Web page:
Matthew 17:9-13 (NIV) As they were coming down the mountain, Jesus instructed them, “Don’t tell anyone what you have seen, until the Son of Man has been raised from the dead.”
The disciples asked him, “Why then do the teachers of the law say that Elijah must come first?”
Jesus replied, “To be sure, Elijah comes and will restore all things. But I tell you, Elijah has already come, and they did not recognize him, but have done to him everything they wished. In the same way the Son of Man is going to suffer at their hands.” Then the disciples understood that he was talking to them about John the Baptist.
One of the things about the event on the mountain that had piqued the excitement of the disciples was the appearance of Elijah. He had been foretold as the forerunner of the Messiah for 400 years (cf. Malachi 4:5-6), and now here he was. This was great news!
But Jesus was now swearing them to silence about what they had seen. It didn’t make any sense to them. They should be shouting the news in every town and village that Jesus was the Son of God, and that Elijah had appeared to announce Him as the Messiah! If the teachers of the law were right, shouldn’t everybody be told? And, by the way, why did Elijah go away? The teachers had always said that he would preach and call the people to repentance. Why would he go away before he did any of that?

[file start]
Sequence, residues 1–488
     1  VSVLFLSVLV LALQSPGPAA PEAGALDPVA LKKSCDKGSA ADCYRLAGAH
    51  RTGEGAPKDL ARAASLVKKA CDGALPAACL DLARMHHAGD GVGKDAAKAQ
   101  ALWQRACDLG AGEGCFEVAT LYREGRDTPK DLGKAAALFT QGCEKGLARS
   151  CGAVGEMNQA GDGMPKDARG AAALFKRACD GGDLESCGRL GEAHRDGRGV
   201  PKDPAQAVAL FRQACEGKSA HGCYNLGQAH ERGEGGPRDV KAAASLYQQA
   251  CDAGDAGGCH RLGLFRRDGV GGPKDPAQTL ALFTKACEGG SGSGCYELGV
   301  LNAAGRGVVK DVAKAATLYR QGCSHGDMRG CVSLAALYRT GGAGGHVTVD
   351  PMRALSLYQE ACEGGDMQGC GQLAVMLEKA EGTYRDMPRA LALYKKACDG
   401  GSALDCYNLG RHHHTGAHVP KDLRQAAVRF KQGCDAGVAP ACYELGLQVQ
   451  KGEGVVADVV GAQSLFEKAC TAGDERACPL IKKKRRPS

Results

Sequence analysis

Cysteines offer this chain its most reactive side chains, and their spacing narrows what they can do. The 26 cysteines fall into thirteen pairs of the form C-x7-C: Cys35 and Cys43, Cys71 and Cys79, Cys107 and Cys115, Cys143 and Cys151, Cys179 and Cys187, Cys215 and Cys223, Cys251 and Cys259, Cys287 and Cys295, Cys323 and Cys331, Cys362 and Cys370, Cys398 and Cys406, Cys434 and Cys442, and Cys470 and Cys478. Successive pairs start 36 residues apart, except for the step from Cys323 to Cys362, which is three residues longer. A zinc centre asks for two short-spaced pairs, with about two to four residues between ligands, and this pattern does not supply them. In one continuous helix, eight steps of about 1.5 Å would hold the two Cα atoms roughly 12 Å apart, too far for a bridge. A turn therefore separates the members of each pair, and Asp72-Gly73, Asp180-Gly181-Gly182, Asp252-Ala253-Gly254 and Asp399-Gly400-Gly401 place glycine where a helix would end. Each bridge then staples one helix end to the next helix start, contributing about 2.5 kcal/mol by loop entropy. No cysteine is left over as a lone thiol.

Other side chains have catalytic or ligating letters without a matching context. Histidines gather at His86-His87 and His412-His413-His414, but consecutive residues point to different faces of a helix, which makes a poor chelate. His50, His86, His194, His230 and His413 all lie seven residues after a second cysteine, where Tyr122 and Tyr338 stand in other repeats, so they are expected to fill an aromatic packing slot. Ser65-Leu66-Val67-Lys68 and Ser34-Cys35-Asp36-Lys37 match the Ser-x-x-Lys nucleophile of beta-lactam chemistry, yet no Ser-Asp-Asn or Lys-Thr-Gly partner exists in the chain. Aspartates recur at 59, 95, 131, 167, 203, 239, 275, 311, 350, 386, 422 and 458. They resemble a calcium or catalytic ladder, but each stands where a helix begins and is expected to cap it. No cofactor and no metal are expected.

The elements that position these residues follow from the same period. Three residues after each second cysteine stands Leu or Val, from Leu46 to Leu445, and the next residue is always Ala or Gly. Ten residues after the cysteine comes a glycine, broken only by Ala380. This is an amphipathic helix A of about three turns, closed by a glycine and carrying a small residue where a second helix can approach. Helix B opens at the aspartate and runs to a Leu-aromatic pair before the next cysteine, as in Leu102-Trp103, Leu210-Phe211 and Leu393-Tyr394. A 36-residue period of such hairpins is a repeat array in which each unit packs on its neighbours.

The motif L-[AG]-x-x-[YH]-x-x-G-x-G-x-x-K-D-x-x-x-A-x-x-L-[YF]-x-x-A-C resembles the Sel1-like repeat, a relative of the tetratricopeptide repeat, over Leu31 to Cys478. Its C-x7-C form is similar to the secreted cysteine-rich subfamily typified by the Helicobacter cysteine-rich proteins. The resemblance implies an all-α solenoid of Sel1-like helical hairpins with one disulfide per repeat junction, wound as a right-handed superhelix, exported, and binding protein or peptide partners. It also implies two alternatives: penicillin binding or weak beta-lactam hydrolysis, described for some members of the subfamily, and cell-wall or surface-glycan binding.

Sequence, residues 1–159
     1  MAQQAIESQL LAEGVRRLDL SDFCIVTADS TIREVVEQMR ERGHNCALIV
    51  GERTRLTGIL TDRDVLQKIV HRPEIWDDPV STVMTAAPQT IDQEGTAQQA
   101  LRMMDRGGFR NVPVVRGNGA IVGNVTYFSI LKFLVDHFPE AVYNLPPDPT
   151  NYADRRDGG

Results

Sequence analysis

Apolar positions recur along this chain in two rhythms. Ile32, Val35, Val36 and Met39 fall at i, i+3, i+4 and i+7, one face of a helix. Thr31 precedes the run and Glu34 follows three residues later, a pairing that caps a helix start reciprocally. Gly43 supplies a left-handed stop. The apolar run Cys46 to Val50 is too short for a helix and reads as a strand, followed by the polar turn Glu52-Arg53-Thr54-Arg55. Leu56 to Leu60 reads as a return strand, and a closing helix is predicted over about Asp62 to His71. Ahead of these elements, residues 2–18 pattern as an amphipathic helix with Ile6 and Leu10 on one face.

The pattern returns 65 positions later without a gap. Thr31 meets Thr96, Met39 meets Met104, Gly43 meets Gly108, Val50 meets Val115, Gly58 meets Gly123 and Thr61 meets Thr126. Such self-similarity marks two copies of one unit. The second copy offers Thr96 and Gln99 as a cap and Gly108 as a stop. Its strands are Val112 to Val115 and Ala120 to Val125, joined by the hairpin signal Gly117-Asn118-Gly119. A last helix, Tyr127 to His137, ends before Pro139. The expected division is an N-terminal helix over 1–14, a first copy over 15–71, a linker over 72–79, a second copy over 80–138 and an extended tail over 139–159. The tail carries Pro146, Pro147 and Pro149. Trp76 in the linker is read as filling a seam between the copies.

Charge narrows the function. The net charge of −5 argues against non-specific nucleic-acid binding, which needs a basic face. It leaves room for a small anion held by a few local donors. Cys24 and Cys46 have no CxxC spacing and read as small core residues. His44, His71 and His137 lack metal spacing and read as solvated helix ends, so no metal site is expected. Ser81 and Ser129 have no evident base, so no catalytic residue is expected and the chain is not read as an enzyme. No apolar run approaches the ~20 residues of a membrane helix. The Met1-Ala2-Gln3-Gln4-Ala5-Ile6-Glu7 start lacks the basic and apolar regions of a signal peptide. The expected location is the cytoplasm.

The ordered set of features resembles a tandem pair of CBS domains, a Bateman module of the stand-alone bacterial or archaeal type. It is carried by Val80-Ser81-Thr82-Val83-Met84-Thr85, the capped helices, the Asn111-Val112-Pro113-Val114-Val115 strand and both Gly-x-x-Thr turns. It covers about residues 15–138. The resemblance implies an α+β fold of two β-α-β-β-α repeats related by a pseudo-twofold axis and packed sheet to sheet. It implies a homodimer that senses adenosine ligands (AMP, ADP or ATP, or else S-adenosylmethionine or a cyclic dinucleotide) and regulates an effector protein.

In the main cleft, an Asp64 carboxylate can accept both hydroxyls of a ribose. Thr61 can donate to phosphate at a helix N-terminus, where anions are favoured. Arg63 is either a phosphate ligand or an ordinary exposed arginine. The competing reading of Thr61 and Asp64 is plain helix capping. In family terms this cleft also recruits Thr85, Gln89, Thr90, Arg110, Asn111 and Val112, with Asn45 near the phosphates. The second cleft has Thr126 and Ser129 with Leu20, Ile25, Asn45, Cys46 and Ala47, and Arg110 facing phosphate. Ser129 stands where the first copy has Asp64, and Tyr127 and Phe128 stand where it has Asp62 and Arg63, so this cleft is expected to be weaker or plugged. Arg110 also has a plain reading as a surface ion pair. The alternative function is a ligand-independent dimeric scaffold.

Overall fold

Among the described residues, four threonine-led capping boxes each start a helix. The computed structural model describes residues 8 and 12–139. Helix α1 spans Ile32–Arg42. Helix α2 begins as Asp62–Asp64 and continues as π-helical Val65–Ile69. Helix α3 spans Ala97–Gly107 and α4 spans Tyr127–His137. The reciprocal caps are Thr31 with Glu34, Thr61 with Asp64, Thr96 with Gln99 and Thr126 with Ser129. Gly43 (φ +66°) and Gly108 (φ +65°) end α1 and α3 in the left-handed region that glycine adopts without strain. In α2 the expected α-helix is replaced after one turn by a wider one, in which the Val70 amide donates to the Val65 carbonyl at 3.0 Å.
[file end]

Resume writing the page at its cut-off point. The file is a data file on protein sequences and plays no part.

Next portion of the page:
Now it was Jesus’ turn to teach. Yes, the teachers of the law were right. Elijah does come first, and he does call people back to God, restoring their priorities, and inspiring in them hope, in order to prepare them for the Messiah. But that had already taken place. “Elijah” had already done all of that, and even the Bible teachers didn’t recognize him! Instead, he had been arrested and killed, similar to what would happen to the Son of Man.
The disciples suddenly understood that Jesus was referring to John the Baptist. Actually, now that they thought about it, he did kind of remind them of the description of Elijah in his camel’s hair clothes (Matthew 3:4, cf. 2 Kings 1:7-8), as well as by his fiery preaching and denunciations of the slackers and false teachers. John the disciple remembered that John the Baptist had flat-out denied being Elijah (John 1:19-21), but that made sense, too. John was not Elijah reincarnated, or sent as a vision. Instead, he had come as the Elijah of their own day; a man who had the spirit and power of Elijah (John 1:19-21), and who had completely fulfilled what the old prophecies had said that Elijah would do.
Then Jesus’ command of silence made sense. Elijah had already come, so what they had just seen was not fulfillment of the sign of the Messiah. Besides, if they told everybody, even the other disciples, that they had seen Jesus glowing like the sun, and that they had seen Moses and Elijah on the mountain, they most likely wouldn’t be believed anyway. Later, maybe, people would hear and understand, but not yet.
Father, it’s interesting that even those closest to Jesus were still so blind to what You were doing; so tied to what the religious leaders told them would happen, that they completely missed the fulfillment of Your word when it actually did happen, because it didn’t look exactly like they were told it would happen. Help me, Lord, to always keep my eyes open, and my mind open, so that I never miss what You are doing in my own life, my own church, my own town. Amen.